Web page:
Seriously, would you check out the curves on this thing?
My husband and I work near each other in an area that happens to have an abundance of secondhand and antique shops. Last week, we had lunch and decided to pop into the Habitat ReStore. And I saw this.
Now, a few things: this ReStore is great, but it’s hit or miss. Mostly miss, due to low volume and high demand. From what I understand, it’s best to go every day so you can pick up on their restocking patterns. We’ve visited it many times over the past few years, but everything I’ve liked was either too pricey or had a “SOLD” sticker on it.
So when I saw this dresser, marked down to $30, I had to have it. I mean, $30! All the drawers worked (and had dovetail joints), the handles were intact, the legs (while damaged) were stable. Did I mention it was $30?!
Once home, we put it in one of the spare rooms. Commence Project Closer Inspection.
The piece is obviously old. Though, how old I cannot say – can’t find any stamps or tags on it. It’s a John Doe dresser.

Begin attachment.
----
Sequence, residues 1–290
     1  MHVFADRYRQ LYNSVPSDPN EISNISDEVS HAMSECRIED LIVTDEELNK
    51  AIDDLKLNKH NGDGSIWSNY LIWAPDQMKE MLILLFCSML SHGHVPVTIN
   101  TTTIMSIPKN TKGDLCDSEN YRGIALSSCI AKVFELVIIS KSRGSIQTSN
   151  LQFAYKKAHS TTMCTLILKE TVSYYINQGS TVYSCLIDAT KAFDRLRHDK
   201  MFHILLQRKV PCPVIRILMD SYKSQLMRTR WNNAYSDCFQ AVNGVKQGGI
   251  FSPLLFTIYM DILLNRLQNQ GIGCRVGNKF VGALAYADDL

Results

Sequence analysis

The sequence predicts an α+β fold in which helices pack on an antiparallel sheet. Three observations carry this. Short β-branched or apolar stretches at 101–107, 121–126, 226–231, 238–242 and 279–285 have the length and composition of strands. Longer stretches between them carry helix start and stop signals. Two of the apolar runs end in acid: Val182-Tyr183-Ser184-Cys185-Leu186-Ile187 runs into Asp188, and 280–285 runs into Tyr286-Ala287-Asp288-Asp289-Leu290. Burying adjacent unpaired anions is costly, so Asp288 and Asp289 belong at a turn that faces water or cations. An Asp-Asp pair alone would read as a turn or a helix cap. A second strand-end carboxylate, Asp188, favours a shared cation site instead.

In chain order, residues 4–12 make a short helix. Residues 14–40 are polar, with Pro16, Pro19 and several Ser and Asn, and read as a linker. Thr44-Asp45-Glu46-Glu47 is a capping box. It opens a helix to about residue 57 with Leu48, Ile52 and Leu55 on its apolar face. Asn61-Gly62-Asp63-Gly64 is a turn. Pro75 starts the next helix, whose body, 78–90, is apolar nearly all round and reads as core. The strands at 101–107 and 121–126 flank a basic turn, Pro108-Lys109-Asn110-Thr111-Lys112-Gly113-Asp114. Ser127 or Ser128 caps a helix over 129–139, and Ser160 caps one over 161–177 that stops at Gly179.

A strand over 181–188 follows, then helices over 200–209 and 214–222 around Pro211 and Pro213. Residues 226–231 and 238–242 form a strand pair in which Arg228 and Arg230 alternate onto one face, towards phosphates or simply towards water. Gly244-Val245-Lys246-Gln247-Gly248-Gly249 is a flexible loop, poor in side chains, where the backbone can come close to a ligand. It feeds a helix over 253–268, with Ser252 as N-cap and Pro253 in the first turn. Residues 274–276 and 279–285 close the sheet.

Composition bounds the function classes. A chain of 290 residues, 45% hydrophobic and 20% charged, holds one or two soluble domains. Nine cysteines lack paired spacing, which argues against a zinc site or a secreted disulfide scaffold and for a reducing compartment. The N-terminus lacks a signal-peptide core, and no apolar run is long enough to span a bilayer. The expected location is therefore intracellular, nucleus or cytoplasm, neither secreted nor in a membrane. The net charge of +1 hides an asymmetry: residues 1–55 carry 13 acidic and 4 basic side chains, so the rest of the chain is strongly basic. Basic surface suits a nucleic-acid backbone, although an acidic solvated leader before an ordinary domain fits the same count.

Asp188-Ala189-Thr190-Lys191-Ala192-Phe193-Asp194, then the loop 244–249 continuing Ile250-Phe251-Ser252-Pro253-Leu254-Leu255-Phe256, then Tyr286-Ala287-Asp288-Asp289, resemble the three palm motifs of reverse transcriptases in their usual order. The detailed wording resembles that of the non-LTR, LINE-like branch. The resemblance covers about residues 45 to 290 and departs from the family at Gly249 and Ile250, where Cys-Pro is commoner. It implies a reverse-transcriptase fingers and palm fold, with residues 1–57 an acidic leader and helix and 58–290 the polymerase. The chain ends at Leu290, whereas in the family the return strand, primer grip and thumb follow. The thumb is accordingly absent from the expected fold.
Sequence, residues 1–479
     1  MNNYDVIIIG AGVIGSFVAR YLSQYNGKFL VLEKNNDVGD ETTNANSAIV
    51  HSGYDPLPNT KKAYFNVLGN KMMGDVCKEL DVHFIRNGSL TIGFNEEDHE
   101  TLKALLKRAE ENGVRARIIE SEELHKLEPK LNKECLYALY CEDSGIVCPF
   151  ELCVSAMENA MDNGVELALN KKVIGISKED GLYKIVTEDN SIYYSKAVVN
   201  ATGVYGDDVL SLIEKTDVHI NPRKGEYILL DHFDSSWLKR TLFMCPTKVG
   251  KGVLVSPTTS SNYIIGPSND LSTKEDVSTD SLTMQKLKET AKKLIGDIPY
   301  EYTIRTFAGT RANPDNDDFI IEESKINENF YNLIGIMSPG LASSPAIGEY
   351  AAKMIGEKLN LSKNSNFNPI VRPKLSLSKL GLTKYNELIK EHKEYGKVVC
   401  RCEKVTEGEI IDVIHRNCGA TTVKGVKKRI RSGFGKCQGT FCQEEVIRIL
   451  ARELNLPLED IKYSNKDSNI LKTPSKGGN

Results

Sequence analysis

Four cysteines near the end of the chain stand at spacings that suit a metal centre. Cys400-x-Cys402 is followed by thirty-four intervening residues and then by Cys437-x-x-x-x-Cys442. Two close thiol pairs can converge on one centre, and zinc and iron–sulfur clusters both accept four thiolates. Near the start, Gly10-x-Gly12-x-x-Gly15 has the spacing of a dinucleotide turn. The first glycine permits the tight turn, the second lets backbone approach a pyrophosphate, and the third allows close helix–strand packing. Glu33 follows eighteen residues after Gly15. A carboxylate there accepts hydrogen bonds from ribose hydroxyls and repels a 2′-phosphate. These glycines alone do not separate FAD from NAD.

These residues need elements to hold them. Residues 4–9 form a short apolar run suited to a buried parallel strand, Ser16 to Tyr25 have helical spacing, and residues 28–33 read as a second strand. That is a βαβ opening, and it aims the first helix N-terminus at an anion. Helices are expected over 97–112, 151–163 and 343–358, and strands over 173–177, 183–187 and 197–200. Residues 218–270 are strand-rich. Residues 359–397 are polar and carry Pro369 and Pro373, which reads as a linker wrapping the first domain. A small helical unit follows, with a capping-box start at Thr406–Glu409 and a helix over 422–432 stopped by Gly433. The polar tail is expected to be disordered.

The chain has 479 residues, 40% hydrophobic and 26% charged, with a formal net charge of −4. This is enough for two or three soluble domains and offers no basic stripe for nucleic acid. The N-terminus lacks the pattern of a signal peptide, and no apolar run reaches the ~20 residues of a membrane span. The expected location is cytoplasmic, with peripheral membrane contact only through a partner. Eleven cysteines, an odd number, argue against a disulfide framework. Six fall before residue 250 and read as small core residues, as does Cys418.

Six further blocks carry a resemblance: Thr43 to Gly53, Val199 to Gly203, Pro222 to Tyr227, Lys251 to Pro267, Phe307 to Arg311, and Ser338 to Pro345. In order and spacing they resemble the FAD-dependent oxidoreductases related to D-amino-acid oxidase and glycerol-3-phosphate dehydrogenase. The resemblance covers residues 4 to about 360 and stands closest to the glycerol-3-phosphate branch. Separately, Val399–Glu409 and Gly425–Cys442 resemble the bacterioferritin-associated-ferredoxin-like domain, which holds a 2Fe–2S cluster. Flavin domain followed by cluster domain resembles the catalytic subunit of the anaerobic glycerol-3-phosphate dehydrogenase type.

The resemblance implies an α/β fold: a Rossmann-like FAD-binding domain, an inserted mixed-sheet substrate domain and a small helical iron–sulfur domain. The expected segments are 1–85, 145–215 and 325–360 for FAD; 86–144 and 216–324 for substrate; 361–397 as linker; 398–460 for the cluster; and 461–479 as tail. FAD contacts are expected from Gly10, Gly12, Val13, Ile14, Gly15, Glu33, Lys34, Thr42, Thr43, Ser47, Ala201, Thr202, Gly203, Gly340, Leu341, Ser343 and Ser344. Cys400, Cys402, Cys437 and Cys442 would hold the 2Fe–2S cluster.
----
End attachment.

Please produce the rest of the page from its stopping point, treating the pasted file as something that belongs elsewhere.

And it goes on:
The drawers and sides are solid wood, but the top and the legs are veneered. There isn’t MDF beneath them, just a lighter, cheaper wood. This leg is the most damaged area on the dresser with missing molding and veneer.
The top has tons of scratches. There were a lot of white paint splatters on it too. You know how if you overload a paint roller, sometimes it flings dots of paint? That’s what it looked like.
There’s a little patch in the back that is bumpy – seems like it’s glue? Not sure. And of course, more scratches.
The dovetail joints are nice though! Anyone who has ever bought an antique dresser knows what an anomaly it is to have all drawers (especially nine of them!) in good condition. That was probably the biggest selling point for me – nine drawers that don’t need rehabbing for $30!? SOLD.
It had that old thrift shop smell to it, so to neutralize that and clean the grime and paint dots, I grabbed vinegar and a Magic Eraser. (Side note: Is there anything that can’t be cleaned by vinegar, baking soda and/or a Magic Eraser?)
Weeellll, maybe I should have tested a spot first? I guess the top coat was so old, the Magic Eraser managed to scrub it off. It’s not super obvious, but you can kind of see the blotchy finish. In all honesty: totally worth it to get the paint spots off. The shiny finish can be replaced.
So there’s still work to do. But it doesn’t smell any more, and the paint crud is gone!
Now I just have to figure out the next steps. I’m thinking one of those waxy, colored crayons to fill in gaps. Does anyone have suggestions for the veneer in the bottom corner?